Italy’s 10 leading fine white wines

4. Azienda Agricola Valentini, Trebbiano d’Abruzzo

Valentini label copyGrape variety: Trebbiano

Region: Abruzzo

Classification: Trebbiano d’Abruzzo DOC

Average price per bottle: £47

Poor, unloved Trebbiano. “Bland”, “boring”, “good only for use in distillation”, it does come in for a hard time.

As ever though, when given a little attention and patience it can prove itself capable of greater things, and this is was no more aptly demonstrated than by the late Edoardo Valentini, widely regarded in his day as Abruzzo’s best winemaker.

Since 2006 the torch has been taken on by his son, Francesco Paolo, and with similarly enthusiastic reviews.

The first “Best Italian Wine Awards” held in Milan last year, named the 2007 the overall winner.

Sassicaia came third while Zidarich’s Vitovska and Villa Bucci’s Verdicchio, already mentioned in this list, came 19th and 32nd respectively out of the 160-strong shortlist.

Valentini’s Trebbiano turns all preconceptions about this grape on their heads. Apparently capable of ageing for 25 years and unexpectedly complex, it is produced in miniscule quantities.

It is said that stockists have to take a lot of olive oil if they want to get their hands on even a few bottles.

Galloni described the 2005 (92 points) in 2010 as having ripe apricots, flowers and peaches on the palate, and that it was “rich and enveloping”.

He scored the 2008 and 2004 with 92 and 90 points respectively.

Robinson added that the 2003 (17 points) would need a careful food match to counter the, “twangy fruit” and background acidity.

On a related red note, the Montepulciano, of which only some 4,000 bottles are produced a year is also meant to be wonderful.

10 Responses to “Italy’s 10 leading fine white wines”

  1. Raffaele Santoro says:

    bla bla bla.

  2. Vino in Love says:

    That list seems a little bit odd to me. Don’t forget about Verdicchio (some of the highest rated Italian white wines are produced with Verdicchio) , Cortese (Cortese is the grape for the world-famous Gavi) and Falanghina.
    Timorasso and Buriano are not really that common..

  3. James says:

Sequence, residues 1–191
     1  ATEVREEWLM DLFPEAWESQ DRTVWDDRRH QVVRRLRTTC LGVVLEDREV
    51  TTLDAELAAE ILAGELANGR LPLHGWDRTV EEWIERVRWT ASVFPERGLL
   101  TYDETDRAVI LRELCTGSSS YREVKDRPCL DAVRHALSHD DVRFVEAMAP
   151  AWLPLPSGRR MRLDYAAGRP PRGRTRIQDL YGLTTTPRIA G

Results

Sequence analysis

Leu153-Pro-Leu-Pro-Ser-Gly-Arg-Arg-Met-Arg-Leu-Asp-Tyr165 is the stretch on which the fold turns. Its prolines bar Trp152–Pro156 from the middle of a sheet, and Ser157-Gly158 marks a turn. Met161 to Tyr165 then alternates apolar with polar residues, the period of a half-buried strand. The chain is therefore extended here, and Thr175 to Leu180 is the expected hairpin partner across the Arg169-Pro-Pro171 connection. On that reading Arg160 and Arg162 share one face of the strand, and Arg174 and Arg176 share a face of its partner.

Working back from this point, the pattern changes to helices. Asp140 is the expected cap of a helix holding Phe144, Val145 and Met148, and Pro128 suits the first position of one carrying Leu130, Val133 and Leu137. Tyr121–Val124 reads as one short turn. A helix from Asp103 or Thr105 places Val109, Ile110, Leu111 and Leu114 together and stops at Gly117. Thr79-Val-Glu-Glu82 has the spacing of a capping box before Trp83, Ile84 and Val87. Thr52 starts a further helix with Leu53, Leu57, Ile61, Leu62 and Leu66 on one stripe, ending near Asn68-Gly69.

Won’t get that 3 minutes back. What a terrible and uninformative piece.

  4. Mila Dorosh says:

    Gaja’s Cabernet is “Darmagi!” – Giovanni Gaja’s comment on planting the vineyards with cab.

  5. Riccardo Margheri says:

    Of course, I do not pretend to know everything, but tasting hundreds of different Italian vine varietes during my work for the wine guides I collaborate with, I have never tasted a “Buriano”. If here it says that it is one of the main Italian whites, I should know about that… Nor I find any info on such topic on my books about autoctone varieties, nor on the web… If it really exist, and it is not a mistake of the article (many of its choices could be discussed anyway, as it always happens, as the SB and not the Ribolla for Gravner, or the Nova Domus and not the PG selection Vorberg for Terlano), may I get further infos please?
    Kind regards
    Riccardo Margheri

    • Rupert Millar says:

      The list is an attempt to highlight at least some of Italy’s leading fine white wines. It may perhaps have made more sense to just pick out producers that are particularly focused on white wines – but the point is to show the most expensive, which would generally imply some sort of appreciation in price and interested following of some description. Where a particular producer makes other wines (such as Terlano and Gravner’s other wines as you picked out), I have tried to make reference to them.

      Buriano is not a major variety, many Italian varieties are in no way ‘major’, the list of Italian grapes in the intro was just to show that of all the merchants I talked to, the suggestions they gave to join this list (which were extensive) encompassed every conceivable variety, big and small, that Italy has.

      I agree that the list is not perfect and open to discussion. Indeed, I hope it does provoke discussion as Italy produces some excellent white wines and I think they need greater exposure and appreciation. As you can see from the list many are incredibly well priced with regards to their quality.


  6. Riccardo Margheri says:

    Looks like Buriano was an ancient name used around XVI-XVII century to indicate some Tuscanian white variety. I am not able to find my Francesco Redi’s “Bacco in Toscana” copy in this moment, where the term is mentioned. But trust me, it is not used nowadays…

  7. Riccardo Margheri says:

    Believe me or not, Roberto, I see Your post only now, after more than one year (I hadn’t realised I would not have received an automatic alert about answers to my post!!). And when I made the obvious researches on the web before replying to tDB, You hadn’t published yet Your article about the Michi wines on the AIS site. Nor I have had the occasion to taste the Buriano in some Montecarlo event (maybe because the production is tiny?). Said that, and with all the respect for the Michi work, listing Buriano between the 10 Italian leading whites continues to be a little bit too much :-), IMHO of course. And if this come from the importers’ opinion, as explained in the kind reply to my post (thanks for the interest), I of course appreciate their effort to explore something brand new, but even I recommend not to stop…
    @Rupert: any effort to make evident that Italy produces great, enjoyable whites is great, so thank You!! 🙂
    Kind regards ad cheers
    Riccardo Margheri

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